Date Published 09 July 2012

Housing minister Grant Shapps has ruled out taking any action to stamp out gazumping.

He was replying to a question from Gordon Henderson, Tory MP for Sittingbourne & Sheppey in Kent.

It is not known whether in the current market gazumping is a problem in his constituency or what prompted the question.

He asked Shapps in the Commons whether he `plans to take steps to mitigate the adverse effects of the practice of gazumping in the housing market`.

Shapps replied: `Home buyers and sellers in England and Wales are free to choose from a range of options, including some which give more certainty that their transaction will be completed.

`These include ‘lock-out' agreements, where the seller enters a binding agreement not to accept another offer within a certain period; ‘option to purchase' where the seller grants the buyer a binding option to purchase the property at the agreed price within a set timescale; ‘conditional contracts', where buyer and seller enter into a contract as soon as terms have been agreed, subject to certain conditions being satisfied; or ‘costs guarantee', where both buyer and seller agree to pay the other side's costs if they withdraw from the transaction.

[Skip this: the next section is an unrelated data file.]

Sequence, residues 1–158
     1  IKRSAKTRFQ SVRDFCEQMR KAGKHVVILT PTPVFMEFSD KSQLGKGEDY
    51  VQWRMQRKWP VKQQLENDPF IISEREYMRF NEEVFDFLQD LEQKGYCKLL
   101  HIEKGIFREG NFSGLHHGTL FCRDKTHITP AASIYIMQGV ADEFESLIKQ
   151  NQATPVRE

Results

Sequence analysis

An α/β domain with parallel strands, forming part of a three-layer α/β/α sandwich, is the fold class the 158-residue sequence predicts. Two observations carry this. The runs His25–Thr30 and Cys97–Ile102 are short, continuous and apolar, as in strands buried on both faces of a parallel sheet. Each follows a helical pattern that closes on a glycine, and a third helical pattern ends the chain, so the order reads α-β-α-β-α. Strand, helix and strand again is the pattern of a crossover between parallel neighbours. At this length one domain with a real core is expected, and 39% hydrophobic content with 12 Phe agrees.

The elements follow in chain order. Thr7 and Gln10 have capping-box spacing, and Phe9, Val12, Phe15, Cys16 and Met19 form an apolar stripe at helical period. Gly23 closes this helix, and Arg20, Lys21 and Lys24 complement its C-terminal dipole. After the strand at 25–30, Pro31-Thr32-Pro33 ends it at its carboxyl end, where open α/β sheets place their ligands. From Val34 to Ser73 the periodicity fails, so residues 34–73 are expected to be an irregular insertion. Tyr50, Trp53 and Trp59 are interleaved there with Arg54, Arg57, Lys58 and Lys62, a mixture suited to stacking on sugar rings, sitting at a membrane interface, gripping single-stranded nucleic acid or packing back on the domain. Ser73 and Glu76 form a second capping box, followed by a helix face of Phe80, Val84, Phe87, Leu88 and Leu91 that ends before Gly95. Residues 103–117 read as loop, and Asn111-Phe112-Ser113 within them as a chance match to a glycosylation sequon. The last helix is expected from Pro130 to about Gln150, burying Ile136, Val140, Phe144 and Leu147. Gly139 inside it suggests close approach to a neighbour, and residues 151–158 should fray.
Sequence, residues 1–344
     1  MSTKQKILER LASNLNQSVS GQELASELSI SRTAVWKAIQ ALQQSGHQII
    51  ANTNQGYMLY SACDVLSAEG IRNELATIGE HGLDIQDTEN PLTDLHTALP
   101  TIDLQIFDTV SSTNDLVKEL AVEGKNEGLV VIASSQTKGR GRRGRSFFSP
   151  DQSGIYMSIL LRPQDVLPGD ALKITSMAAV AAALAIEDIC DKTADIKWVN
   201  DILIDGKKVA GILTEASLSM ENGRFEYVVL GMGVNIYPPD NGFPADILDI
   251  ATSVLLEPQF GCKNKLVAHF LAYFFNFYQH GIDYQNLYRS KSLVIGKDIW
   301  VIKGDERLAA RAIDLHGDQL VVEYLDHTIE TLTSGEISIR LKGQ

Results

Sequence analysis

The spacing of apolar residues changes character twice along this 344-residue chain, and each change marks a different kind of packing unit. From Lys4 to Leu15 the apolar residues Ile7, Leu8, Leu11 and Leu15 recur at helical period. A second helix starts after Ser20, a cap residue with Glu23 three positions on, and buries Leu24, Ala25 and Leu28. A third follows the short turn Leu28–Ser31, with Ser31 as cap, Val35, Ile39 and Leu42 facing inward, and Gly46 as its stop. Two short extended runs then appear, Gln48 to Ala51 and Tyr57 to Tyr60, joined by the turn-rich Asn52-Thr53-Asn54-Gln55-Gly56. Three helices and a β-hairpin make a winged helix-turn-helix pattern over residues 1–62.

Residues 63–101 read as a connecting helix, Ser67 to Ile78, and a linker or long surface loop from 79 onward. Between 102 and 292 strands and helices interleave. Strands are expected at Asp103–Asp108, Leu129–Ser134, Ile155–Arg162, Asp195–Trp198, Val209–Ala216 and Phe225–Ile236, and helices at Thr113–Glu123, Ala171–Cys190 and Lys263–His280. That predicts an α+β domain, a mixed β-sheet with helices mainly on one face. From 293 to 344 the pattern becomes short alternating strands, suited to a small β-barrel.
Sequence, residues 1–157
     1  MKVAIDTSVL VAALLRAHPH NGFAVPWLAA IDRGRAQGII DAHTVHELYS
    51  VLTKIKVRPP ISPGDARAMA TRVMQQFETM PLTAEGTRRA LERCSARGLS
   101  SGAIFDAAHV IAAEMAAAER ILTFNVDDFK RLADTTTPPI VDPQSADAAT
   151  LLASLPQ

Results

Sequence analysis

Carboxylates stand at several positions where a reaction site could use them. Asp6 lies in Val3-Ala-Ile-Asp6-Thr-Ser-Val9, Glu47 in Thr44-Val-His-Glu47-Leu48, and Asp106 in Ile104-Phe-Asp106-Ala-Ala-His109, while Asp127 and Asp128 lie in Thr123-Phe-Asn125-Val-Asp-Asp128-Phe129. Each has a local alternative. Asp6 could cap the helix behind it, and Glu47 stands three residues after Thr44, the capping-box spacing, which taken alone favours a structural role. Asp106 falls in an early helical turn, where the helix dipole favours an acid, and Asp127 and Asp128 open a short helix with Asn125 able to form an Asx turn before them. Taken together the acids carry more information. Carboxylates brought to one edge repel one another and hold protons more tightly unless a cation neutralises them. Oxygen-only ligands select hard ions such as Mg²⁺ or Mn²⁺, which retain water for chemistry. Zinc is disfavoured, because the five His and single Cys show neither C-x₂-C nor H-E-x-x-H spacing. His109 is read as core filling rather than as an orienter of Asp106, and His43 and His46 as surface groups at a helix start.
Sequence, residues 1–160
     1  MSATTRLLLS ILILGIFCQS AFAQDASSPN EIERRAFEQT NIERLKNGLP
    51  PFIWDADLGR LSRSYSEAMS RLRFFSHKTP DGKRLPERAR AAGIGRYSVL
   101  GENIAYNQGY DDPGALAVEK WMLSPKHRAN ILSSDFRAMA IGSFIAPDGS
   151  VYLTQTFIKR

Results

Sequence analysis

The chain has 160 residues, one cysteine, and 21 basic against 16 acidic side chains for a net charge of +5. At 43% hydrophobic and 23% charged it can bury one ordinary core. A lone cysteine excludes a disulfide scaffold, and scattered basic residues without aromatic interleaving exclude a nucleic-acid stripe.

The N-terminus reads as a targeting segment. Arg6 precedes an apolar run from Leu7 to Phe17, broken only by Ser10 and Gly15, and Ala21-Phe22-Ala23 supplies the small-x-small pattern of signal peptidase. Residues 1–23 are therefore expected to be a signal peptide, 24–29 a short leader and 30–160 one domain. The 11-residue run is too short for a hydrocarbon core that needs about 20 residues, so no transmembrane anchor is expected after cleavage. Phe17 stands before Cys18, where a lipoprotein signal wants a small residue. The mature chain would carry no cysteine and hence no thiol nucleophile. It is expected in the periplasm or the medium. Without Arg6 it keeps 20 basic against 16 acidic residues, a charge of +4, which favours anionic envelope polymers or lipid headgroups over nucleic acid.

`Given the flexibility of the present system, we have no plans for reform in this area at the present time.

`Home Information Packs, introduced under the last administration, were originally supposed to help tackle gazumping.

`In practice, they did no such thing as they were not trusted by buyers, and merely deterred sellers from putting their homes on the market. This is why the Coalition Government has abolished the requirement to have a Home Information Pack, saving home buyers and sellers from the unnecessary regulatory cost.`